asia · North Korea (DPRK) · Travel

My journey into North Korea (Part 5: the scenery)

First of all I’d like to give a shout out to the people who’ve started following me after posting this series, and also the people who’ve followed me in the past, it’s appreciated and I take great satisfaction knowing people are enjoying what I write.  If you’re new to this series then welcome and you can find all of the other parts here:  Part 1, Part 2, Part 3 and Part 4.  I hope you enjoy it 🙂

Beach view from boat.jpg

Entering North Korea as a tourist is something which has only come about in recent years; 20 years ago it would have been near impossible, and even 10 years ago it would have been pretty rare.  At present it’s not too difficult to enter North Korea as part of a group; however it takes a while to have your visas granted, you must use an approved travel agent and you will pretty much never get any freedom to explore or walk 10 metres away from your group without your supervisors arsehole clenching so tight it almost forms a new sun.

One thing is for certain about North Korea, if you are fortunate enough to go there are plenty of amazing photography opportunities; be it the things we find most odd, the blasts from the cold war past or the amazing scenery.  The photo below I found pretty cool, it seems to be a power plant or a chemical refinery, either wayI love the backdrop.  The rest of the photos in this chapter will be mostly of natural landscapes.

power station edit.jpg

There are a few bits of information I found I found to be myths about North Korea such as it becoming mandatory to have the same haircut as Kim Jong Un, that they believe they won the world cup, etc; that was all propaganda on our part.  Some things that are true about the country are things that you might expect from the hermit kingdom, the main thing is that they are paranoid, an example of this is being out of the guides sight, they pretty much won’t let it happen at all.  One night, I popped out of our ‘hotel’ which was a very basic guesthouse with no running water in the middle of a mountainous area.  I had stepped out for a cigarette and to take some photographs of the stars only to find that all access in and out of the hotel had been blocked off, high gates had been closed over and a guard dog came running over to me barking which alerted the gatekeeper who came over to find out what I was doing; each place we stayed had a similar setup and the constant supervision started to mess with my mind a few days into the trip, it took a few days back in China for me to feel like I wasn’t being watched anymore.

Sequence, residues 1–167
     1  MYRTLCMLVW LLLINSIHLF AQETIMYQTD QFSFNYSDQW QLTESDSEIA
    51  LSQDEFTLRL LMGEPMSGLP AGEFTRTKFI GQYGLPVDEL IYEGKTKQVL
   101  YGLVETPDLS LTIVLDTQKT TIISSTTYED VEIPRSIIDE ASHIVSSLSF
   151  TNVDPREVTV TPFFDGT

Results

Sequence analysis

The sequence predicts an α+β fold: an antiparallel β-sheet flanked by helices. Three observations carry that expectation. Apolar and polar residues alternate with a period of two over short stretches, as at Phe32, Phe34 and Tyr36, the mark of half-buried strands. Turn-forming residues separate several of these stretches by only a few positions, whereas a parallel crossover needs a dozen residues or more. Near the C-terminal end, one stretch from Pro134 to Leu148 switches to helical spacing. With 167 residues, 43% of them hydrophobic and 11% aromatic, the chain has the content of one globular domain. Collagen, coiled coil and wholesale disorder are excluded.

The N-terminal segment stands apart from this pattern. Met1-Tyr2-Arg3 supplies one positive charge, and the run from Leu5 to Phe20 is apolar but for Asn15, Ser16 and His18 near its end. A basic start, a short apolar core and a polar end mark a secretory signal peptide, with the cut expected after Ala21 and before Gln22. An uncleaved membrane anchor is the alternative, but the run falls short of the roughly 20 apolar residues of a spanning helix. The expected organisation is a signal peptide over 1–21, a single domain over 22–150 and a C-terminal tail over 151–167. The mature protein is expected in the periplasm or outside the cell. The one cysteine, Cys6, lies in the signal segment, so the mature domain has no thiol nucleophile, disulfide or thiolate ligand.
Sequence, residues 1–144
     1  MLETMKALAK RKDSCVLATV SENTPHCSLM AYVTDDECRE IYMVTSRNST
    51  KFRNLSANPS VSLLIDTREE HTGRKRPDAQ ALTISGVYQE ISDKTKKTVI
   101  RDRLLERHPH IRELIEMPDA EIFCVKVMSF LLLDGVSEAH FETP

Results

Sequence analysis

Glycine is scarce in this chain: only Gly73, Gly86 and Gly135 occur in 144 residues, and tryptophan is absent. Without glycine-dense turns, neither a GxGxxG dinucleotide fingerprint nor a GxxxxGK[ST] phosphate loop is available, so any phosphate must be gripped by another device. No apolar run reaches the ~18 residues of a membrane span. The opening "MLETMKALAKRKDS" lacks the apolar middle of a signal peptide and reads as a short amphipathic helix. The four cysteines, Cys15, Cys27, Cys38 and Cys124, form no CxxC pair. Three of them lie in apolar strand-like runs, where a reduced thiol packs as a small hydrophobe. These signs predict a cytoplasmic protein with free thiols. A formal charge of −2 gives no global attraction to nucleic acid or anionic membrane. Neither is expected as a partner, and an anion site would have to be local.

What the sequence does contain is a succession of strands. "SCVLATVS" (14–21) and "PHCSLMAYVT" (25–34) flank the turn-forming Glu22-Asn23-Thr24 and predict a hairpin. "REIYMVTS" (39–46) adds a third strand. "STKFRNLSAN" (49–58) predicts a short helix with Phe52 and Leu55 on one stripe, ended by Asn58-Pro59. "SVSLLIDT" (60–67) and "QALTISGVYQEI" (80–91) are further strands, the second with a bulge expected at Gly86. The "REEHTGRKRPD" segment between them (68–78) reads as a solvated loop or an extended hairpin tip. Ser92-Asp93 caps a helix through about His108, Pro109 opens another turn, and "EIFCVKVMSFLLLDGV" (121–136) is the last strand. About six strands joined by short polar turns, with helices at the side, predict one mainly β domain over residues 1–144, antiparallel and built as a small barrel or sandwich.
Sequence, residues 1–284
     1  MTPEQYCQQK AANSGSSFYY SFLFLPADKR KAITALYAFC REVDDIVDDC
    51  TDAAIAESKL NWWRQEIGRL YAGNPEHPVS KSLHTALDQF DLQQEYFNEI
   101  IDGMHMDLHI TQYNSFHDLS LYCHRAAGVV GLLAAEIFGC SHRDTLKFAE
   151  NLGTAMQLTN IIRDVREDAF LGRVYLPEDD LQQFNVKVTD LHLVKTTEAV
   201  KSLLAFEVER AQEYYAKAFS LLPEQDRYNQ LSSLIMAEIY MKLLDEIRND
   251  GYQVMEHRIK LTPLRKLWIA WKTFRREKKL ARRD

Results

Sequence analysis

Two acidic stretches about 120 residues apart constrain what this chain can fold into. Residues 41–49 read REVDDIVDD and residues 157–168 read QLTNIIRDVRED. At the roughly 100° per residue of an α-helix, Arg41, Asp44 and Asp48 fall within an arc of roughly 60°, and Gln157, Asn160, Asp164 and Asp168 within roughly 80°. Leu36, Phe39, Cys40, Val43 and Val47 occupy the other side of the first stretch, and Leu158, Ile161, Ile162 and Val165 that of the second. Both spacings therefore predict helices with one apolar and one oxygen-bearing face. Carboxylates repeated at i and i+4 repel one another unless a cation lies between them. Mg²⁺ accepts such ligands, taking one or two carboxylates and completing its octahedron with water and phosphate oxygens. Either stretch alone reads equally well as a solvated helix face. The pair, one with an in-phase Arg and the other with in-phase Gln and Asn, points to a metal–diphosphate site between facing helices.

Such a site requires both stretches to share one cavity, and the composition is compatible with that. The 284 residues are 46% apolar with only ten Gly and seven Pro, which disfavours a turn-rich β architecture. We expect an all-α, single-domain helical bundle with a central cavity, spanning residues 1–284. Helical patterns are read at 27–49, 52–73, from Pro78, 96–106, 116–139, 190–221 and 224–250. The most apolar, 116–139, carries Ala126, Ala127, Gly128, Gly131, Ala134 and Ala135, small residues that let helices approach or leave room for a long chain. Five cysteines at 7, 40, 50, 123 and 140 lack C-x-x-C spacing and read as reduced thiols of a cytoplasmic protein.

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Anyway, I got to take my photos of the stars after I explained to the gatekeeper what I was doing.  Something that I found really amazing about North Korea is that due to its underdevelopment there was no light pollution at all, I had only really ever seen the stars like this one other time, I was so used to just seeing the brightest stars and when I was greeted by this blanket of twinkles I was awestruck.

Slum Village NK Post.jpg

What we mostly see of North Korea on TV, in magazines or on the internet is of Pyongyang, the nation’s capital.  Outside of Pyongyang there is not much in terms of big cities and towns, most of what you will find are small villages, either inland or dotted around the coast like this one.  Again, this was something that we were told not to photograph, they seemed ashamed of primitive villages, almost like us seeing it and photographing them would somehow make NK look weak as a country, but me being me, I loved seeing villages like this, I find it amazing how people can live so simply and so sustainably – you may be able to see a couple of guys on the closest house; they were drying squid in the sun probably for the whole village.